Wally Doolin, chairman Of Black Box Intelligence and a recovering chain executive, doesn’t flinch at bringing up the sometimes controversial issue of brand ownership. At last year’s People Report Best Practices Conference, he lobbed the firebomb observation that control of a concept by an investor, like a private-equity company, might prove a troubling change for an industry that was built largely on entrepreneurship. “Usually,” he noted at the time, “enterpreneurs make the decision that’s right for the business.”
At this year’s conference, which started today with a new session on the international market, he touched on a sensitive issue again by asking two U.S. brands what ownership model they’d have preferred to use in their overseas expansion. If they could do it over again, he asked officials of Starbucks and T.G.I. Friday’s, would they do more franchising? Less? How about joint ventures? What do they see as the ideal ownership model when you head abroad?
Nick Shepherd, CEO of Friday’s parent company, said it’s not a matter of what was right or wrong. Friday's chose a particular route because of factors that prevailed at the time. Any U.S. chain looking to grow abroad may have to make compromises because of it's situation, like not having enough capital to blitz a market. That would suggest franchising. But to woo a local partner, and maybe local financiers, a chain might have to hold a stake in the overseas stores. That'd mandate a joint venture.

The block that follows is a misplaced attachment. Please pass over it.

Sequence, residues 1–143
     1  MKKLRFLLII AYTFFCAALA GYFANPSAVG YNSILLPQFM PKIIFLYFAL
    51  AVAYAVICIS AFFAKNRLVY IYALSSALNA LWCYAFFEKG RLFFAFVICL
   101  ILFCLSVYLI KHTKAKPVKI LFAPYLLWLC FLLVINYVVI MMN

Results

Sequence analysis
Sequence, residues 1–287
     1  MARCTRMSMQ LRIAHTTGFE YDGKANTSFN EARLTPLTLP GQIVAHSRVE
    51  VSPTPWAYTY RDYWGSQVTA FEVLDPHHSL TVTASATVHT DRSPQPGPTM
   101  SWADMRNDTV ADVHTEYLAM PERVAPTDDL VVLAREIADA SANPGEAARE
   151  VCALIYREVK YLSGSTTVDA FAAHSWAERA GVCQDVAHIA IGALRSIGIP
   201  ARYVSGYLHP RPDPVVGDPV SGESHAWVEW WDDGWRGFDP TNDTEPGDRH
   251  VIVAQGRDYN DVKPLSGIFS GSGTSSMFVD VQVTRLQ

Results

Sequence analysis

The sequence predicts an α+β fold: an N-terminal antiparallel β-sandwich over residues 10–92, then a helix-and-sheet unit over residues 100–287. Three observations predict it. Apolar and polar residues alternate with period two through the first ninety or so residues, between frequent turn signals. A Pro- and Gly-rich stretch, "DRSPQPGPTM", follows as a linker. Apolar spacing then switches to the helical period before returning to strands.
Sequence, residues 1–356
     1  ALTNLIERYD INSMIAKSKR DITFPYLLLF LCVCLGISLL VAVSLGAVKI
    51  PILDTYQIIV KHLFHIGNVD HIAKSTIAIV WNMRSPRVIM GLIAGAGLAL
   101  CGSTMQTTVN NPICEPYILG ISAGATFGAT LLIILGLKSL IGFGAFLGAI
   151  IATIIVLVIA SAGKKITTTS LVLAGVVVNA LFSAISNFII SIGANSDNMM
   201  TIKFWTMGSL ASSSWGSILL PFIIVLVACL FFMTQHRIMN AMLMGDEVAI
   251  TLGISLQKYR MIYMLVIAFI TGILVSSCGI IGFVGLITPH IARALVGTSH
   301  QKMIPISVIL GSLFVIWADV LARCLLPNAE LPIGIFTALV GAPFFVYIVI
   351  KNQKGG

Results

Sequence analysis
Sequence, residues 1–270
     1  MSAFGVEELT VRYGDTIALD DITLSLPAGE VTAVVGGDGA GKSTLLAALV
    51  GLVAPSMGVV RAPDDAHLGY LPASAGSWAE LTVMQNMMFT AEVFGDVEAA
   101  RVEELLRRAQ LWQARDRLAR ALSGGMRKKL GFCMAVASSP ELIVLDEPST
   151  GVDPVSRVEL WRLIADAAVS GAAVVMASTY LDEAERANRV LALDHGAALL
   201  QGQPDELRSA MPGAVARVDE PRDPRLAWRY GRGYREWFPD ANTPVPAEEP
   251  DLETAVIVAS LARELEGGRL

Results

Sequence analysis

Joint ventures can work beautifully, he stressed, but it’s important to structure it correctly. Having less than a 50% stake can mean surrendering too much control of the brand to the local operator.
You might have to start with a smaller stake, just to have some skin in the game, but it doesn’t make sense to have 15 or 20 percent because it puts you in a passive position, agreed Shepherd’s fellow presenter, Joe Canterbury.
Canterbury, Starbucks’ VP of international business development, noted that the coffee giant now wholly owns its restaurants in a number of foreign markets, a far cry from the small stake it held when it established its first beachhead, in Japan. But back then it needed to "have some skin in the game" because the brand was untried outside of the United States.
Franchising provides more control, they suggested, but at some point the local operator’s interests are going to diverge from the franchisor’s. Canterbury characterized it as inevitable.
Whatever model is pursued, they agreed, the key is finding the right local partner. The tenor of that relationship will be crucial in good times and in bad. A good partner can get you the sites and people that ensure success, stressed Shepherd. And even when interests diverge, a strong relationship enables you to resolve the situation amicably.
Shepherd noted that everyone in the room has had the experience of picking a franchisee who looked great on paper but failed to meet expectations as a business partner. It happens overseas, too, but what goes wrong in a store in Singapore can spread across the globe in a flash.
Doolin ended the session by asking the pair to recount one of the humorous instances that U.S. chain executives invariably encounter abroad.
Canterbury recalled how Starbucks worked with local authorities to resolve a trademark dispute. During the negotiations, they sat in front of a 20-foot-high portrait of Russian strongman Vladimir Putin, trying not to show the intimidation they felt.
Shepherd recalled a business presentation he co-hosted before his days with Friday's. His boss stressed at the time that they were not to mention an obscure sporting event to the 500-plus Europeans in attendance because it might offend them. Instead, he made a reference to Nazis in jackboots. Then he threw the emcee duties over to Shepherd.